7. What resources are available?   When evaluating a potential school, pay attention to the resources the school has to stimulate your child’s learning. Desirable resources include:    An ample library    Up to date technology    Musical instruments    Art supplies    Play equipment    Accessibility for disabled students    A School Nurse on duty    A   School Psychologist   for mental health needs      8. Are there high safety standards?   You’ll feel better about sending your kids to school each day if you’re confident in the school’s safety measures. Ask the school to explain their protocols in the areas of:   Drug, alcohol, and tobacco prevention    Violence, bullying, harassment    Weapons on campus    Police presence and school lockdown procedures    Drills and emergency plans    Notification of parents in event of an emergency       9. Do they support EQ?   In addition to academic standards, keep your standards high in the type of emotional support you want your child to receive. Does the school offer workshops on character building and emotional health? Are there clubs or programs offered to help your child make friends? How do they handle discipline and reinforce good behavior? Consider whether you agree with their approach in supporting healthy emotional growth.    Not sure what an emotionally healthy classroom looks like? Click here       10. Is it a logistical nightmare?     Sometimes your dream school isn’t in your district or your budget, and it’s important to evaluate whether the pros of attending the school outweigh the sacrifices you’ll have to make. Remember that long commutes and hefty tuitions can mean sacrificing family time and other enriching activities. While there’s nothing wrong with going out of your way for a great education, make sure to choose a school that isn’t too disruptive to your family life.    11. What’s my gut telling me?   The truth is, there is no one-size-fits-all answer to where your kid should go. You may walk into a school that everyone else raves about, but just get an uneasy vibe that tells you it’s not a fit for your kid. You know your child’s personality, strengths, and challenges better than anyone, and that knowledge will guide your instincts in helping you make the best choice.    12. Should I get a second opinion?   Choosing your child’s school is tough and weighing the pros and cons of each option can feel overwhelming. Asking other parents their opinions can be helpful, but if you’d also like professional support in evaluating your child’s options, a specialist in Educational Psychology can guide you in coming to a confident decision.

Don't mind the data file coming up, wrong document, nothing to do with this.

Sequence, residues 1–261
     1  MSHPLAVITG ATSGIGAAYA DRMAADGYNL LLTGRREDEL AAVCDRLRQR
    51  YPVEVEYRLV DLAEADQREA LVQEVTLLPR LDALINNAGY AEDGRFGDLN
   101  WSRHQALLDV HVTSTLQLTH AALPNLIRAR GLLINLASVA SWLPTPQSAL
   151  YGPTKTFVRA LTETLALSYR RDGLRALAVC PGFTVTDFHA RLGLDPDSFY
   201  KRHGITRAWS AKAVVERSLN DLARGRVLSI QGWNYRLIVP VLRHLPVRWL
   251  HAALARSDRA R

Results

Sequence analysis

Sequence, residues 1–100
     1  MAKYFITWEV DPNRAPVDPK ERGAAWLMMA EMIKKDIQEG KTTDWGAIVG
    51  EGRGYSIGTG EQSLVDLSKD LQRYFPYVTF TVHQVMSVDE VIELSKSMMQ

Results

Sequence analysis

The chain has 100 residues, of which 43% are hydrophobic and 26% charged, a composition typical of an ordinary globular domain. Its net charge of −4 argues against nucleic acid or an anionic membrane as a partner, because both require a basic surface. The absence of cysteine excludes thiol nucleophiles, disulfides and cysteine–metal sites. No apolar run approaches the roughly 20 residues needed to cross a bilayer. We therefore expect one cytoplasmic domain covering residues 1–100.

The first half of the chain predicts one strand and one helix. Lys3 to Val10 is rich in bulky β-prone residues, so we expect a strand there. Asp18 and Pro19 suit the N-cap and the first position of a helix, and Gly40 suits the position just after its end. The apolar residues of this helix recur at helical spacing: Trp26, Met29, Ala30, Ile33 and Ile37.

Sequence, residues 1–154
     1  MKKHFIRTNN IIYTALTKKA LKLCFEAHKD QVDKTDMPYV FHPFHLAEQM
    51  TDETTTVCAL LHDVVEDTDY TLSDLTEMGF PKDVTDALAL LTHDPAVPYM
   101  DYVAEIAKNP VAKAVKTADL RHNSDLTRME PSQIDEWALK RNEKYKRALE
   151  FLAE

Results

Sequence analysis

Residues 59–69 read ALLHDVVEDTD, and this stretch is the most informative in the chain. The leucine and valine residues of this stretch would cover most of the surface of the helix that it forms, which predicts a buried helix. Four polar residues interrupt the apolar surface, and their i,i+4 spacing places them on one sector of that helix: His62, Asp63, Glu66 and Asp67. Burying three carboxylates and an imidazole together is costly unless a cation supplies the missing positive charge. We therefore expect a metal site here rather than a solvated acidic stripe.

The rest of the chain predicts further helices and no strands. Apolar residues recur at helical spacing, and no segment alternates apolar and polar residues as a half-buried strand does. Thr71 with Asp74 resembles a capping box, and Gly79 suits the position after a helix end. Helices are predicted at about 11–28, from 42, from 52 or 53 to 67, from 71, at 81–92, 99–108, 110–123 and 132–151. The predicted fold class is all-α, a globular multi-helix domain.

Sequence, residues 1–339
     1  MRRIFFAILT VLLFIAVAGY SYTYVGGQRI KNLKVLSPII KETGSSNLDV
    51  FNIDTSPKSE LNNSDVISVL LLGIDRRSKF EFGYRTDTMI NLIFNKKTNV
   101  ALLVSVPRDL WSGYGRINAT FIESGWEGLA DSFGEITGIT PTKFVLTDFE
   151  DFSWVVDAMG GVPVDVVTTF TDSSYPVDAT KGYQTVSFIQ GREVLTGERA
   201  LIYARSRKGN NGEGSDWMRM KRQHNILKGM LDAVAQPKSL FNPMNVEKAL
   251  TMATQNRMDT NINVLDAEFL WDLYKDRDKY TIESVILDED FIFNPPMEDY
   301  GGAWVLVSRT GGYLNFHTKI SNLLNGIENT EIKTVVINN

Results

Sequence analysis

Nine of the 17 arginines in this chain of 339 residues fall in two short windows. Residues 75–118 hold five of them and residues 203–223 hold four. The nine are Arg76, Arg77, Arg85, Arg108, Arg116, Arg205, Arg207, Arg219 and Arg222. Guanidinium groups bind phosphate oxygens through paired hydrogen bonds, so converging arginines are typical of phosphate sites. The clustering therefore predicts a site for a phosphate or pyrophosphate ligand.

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              The purpose of this article is to provide an overview of the highlighted topic. For a full consultation, assessment, and personalized treatment plan, schedule an appointment  with one of our specialists.   More about Variations Psychology   Variations Psychology is a group practice specializing in Child and Family Psychology.  Our specialists provide therapy to infants, children, adolescents, and adults to help them overcome the many challenges they may face throughout the lifespan of a family. We also conduct diagnostic testing of child and adult conditions that may impact the family’s mental health and development (e.g. ADHD, Autism Depression, Anxiety, Learning Disorders, college entrance exams, graduate and professional licensing exams such as MCAT, LSAT, GRE, CBEST, NCLEX, GMAT, CA Cosmetology Exam, CA Contractors State Licensing Exam, and CA Bar Exam).  See our   Specialists   page to select the specialist that best suits your need, or simply give us a call and we will guide you..  Variations Psychology is located in Newport Beach, CA and provides counseling to residents throughout Orange County and its surrounding areas including Newport Beach, Newport Coast, Irvine, Shady Canyon, Laguna Beach, Laguna Hills, Coto de Caza, Corona del Mar, Costa Mesa, Yorba Linda, Dana Point, Laguna Niguel, Aliso Viejo, Mission Viejo, Pelican Hill, Crystal Cove, Rancho Santa Margarita, San Clemente, Lake Forest, Huntington Beach, Sunset Beach, Seal Beach, and more.